Sunday, April 12, 2009


“Milk King fights sons for power”. Yet another family feud has made the headlines, and invariably it involves family members fighting over property and inheritance, or as in the case of the ‘Milk King’, squabbling over control of the family business empire. For every case that made the headlines, there are probably tens of thousands more that don’t appear on the media radar because of the insignificant amounts involved.

When it comes to money and property, children can turn against parents, and siblings against one another. Bad blood is spilled, and the family name is raked through the mud in court. So, to avoid a potential family meltdown, here’s what I’ve learned.

1. Never sign over the title deeds of your house to your family members while you are still living in it. I know of cases where parents have been kicked out of their own home by their adult children. In some instances, the children sold off the family house to settle their debts or to invest in a business venture, thus forcing their parents to live in rented premises. You can always bequeath the property to them in your will. They just have to learn to be patient.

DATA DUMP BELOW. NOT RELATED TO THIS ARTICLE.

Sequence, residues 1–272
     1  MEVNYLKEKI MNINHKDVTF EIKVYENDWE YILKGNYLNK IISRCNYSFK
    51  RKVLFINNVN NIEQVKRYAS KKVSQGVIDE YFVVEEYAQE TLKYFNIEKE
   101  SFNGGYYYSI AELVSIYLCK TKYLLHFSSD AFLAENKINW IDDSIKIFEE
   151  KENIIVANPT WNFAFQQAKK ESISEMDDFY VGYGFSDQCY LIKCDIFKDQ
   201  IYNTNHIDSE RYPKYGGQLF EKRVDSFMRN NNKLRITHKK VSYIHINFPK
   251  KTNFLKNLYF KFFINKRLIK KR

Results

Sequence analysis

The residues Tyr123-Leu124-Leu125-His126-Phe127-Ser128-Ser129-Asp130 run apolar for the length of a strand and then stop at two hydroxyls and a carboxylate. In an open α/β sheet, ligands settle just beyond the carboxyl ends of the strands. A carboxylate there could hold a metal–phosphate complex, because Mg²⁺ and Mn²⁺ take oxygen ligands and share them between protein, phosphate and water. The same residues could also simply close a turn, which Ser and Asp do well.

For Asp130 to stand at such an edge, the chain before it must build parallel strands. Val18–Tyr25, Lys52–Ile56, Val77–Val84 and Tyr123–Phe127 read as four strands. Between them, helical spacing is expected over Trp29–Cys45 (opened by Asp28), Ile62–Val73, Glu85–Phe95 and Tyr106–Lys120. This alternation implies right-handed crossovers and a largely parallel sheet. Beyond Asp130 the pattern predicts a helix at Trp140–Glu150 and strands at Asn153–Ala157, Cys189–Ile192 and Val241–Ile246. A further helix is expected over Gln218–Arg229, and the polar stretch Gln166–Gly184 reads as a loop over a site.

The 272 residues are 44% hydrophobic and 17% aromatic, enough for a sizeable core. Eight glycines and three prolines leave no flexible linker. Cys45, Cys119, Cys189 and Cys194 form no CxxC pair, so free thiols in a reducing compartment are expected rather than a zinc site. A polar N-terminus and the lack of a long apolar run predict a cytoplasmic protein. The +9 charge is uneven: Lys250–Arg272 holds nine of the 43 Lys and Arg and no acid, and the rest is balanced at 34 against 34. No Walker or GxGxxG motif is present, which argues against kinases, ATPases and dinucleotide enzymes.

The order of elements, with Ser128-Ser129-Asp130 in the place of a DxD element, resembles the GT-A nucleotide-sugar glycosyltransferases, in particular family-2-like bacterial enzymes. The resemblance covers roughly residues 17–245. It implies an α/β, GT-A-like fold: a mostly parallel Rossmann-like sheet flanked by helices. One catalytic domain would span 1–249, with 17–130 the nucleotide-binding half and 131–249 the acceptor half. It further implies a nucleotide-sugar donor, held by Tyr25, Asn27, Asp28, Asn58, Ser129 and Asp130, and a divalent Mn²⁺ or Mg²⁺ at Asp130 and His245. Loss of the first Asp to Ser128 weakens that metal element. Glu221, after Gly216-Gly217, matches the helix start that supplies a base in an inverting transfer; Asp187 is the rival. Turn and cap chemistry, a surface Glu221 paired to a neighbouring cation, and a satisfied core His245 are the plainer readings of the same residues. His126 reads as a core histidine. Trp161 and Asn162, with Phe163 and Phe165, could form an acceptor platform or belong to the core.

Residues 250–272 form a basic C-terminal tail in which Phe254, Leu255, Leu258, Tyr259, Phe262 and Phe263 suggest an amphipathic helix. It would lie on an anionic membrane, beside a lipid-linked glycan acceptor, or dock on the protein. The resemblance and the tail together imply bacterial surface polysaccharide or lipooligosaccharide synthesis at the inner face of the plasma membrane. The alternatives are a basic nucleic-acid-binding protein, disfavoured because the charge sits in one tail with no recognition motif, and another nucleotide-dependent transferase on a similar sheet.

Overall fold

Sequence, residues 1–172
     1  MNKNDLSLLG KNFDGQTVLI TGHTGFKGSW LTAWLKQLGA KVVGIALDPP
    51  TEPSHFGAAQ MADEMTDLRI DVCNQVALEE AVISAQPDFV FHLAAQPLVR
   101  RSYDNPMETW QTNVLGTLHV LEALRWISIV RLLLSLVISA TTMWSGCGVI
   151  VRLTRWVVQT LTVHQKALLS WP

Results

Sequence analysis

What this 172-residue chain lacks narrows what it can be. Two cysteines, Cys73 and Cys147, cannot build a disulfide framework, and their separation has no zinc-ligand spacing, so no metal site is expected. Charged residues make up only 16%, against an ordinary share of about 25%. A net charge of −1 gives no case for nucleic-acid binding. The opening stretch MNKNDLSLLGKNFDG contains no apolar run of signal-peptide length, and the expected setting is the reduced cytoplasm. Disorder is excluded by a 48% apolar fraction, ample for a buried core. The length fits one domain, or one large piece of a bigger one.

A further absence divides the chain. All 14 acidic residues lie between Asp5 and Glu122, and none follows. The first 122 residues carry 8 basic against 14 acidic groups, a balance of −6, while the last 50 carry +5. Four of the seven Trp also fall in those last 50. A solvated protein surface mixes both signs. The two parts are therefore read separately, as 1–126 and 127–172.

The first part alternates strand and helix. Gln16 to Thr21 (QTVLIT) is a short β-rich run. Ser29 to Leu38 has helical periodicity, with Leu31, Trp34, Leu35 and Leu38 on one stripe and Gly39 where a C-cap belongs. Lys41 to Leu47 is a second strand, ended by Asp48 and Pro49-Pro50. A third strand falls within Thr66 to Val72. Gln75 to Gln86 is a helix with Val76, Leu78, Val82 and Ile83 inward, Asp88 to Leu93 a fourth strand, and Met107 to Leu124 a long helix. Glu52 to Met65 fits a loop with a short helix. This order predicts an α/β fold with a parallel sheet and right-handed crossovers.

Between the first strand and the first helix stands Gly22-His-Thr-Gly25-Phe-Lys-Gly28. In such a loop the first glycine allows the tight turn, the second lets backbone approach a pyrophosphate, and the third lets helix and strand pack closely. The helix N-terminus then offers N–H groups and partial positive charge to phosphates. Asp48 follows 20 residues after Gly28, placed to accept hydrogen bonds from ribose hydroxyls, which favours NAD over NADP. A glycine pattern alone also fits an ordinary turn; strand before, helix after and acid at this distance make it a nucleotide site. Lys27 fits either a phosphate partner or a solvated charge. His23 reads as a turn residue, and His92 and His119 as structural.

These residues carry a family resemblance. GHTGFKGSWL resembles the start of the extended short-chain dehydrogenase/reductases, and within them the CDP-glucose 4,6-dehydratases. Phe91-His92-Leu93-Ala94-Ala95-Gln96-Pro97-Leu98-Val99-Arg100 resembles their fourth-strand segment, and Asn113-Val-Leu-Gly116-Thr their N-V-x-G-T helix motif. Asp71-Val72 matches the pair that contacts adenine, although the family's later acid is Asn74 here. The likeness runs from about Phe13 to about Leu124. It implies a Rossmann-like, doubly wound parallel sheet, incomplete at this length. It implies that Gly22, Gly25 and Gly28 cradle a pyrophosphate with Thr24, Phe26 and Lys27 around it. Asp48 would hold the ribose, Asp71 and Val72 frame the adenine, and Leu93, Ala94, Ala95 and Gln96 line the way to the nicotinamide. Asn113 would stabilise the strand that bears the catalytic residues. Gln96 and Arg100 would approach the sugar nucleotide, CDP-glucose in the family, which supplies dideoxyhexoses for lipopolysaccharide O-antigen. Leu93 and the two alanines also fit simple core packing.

2. Do not sell your house to raise money for your adult children’s business ventures or your grandchildren’s education. It is not your responsibility. The same applies to your savings in the EPF, your investments in mutual funds, shares, etc. Do not sign these over to your family members prematurely. You need to keep all your monies intact. They make up your retirement funds. If your health is good, you may need those funds to keep you going for the next 20 years. If your health is less than good, those funds will help you cover medical expenses. We need to have at least RM1 million in cash reserves by the time we retire at 55 if we are to maintain our current lifestyle for the next 20 years.

If we don’t have this amount in our retirement funds, all the more we must have property that we can sell off or mortgage if the need arises. So back to my point – hang on to your property. Your life depends on it – literally.

Enough said.

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